While there is a concern that short matches could be dull if the players choose to play things close to the vest, the data seem to support the idea that in many cases long matches can be quite anti-climactic. Kasparov-Short (1993 PCA World Championship; 24 games scheduled) was such a demolition by game 7 (Kasparov had racked up 4 wins) that some onlookers preferred that Short throw in the towel instead of having to play out the rest of the games (Final score was 6 wins to 1 loss in favor of Kasparov). Karpov vs Timman in the rival FIDE World Championship from the same year was effectively over by game 16, when Karpov held a 6-1 lead. Those were the last of the 24 game matches that more or less began the trend of shorter affairs. In the Kasparov-Anand match (1995 PCA World Ch.; 20 games scheduled), Kasparov had broken Anand’s spirit by game 14(!) - winning four out of 5 games at one point - that he was able to basically trot to the finish line. If one looks back at the history of long matches, this same pattern often repeats itself, leading to the natural assumption that a greater number of games simply isn’t necessary to prove who the superior player is at that moment in time. Even more interestingly, if we begin in the Botvinnik era (post-1951), it appears that any player who was leading a title match at the 12 game mark has gone on to win the title in the end (the lone exception I could find being Peter Leko against Kramnik in 2003).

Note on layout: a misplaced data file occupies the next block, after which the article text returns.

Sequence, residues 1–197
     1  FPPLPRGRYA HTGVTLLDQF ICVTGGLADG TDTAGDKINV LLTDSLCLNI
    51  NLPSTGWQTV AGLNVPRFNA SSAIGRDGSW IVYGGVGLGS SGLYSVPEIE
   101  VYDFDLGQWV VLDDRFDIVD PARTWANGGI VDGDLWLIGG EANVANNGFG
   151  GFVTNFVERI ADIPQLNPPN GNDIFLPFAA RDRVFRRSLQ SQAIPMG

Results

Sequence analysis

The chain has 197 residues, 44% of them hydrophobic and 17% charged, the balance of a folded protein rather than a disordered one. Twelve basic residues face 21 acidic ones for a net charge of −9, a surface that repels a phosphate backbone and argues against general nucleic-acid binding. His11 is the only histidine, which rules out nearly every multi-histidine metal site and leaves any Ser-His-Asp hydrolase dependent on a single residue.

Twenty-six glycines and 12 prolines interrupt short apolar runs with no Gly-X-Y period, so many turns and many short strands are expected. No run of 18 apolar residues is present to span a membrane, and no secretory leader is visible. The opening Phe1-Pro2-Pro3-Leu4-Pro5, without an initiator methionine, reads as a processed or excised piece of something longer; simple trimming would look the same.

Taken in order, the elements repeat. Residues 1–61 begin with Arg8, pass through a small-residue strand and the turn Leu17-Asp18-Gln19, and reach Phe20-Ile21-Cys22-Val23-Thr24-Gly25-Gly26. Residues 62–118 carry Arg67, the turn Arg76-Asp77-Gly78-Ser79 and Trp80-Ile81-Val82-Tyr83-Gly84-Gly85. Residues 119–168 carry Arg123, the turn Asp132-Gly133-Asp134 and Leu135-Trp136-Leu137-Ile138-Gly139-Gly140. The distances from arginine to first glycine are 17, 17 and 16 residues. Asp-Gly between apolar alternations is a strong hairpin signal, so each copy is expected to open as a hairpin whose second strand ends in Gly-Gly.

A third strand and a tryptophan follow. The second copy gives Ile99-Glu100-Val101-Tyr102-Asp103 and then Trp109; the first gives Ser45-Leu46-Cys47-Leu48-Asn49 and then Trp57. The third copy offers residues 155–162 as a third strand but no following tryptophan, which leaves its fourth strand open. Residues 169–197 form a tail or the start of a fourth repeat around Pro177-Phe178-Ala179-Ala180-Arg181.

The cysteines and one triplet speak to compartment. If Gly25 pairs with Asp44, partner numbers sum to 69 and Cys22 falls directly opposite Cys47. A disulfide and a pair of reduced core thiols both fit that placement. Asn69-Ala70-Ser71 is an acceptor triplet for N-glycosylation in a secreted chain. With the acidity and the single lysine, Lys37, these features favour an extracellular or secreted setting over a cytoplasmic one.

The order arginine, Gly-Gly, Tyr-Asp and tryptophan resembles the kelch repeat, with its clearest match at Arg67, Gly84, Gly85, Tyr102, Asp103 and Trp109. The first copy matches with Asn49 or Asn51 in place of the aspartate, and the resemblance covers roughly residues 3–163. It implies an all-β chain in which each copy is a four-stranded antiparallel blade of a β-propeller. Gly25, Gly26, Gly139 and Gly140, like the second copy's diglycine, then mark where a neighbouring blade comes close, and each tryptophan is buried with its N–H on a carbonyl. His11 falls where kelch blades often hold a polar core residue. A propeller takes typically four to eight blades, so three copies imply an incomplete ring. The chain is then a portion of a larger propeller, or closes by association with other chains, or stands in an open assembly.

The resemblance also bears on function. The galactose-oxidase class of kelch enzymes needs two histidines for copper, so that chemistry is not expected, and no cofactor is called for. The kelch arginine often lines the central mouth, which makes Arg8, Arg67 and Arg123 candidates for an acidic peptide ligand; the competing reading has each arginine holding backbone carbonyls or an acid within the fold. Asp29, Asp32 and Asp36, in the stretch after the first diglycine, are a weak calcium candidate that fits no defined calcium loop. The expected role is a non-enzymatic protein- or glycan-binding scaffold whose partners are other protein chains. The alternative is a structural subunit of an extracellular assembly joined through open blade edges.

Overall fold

To conclude...

The evidence strongly suggests that a 12 game match with Rapid tie breaks (no blitz) makes sense in the modern era. I realize I am biased, and here are some of my personal beliefs on which this bias rests:

  1. History has proven that the better player will usually win a match of any (decent) length with very few exceptions.
  2. Today’s general audience (and especially those age 34 and under) will not maintain much interest in a match that lasts over a month.
  3. Rapid chess is very often a reliable measure of strength (blitz may be up for question).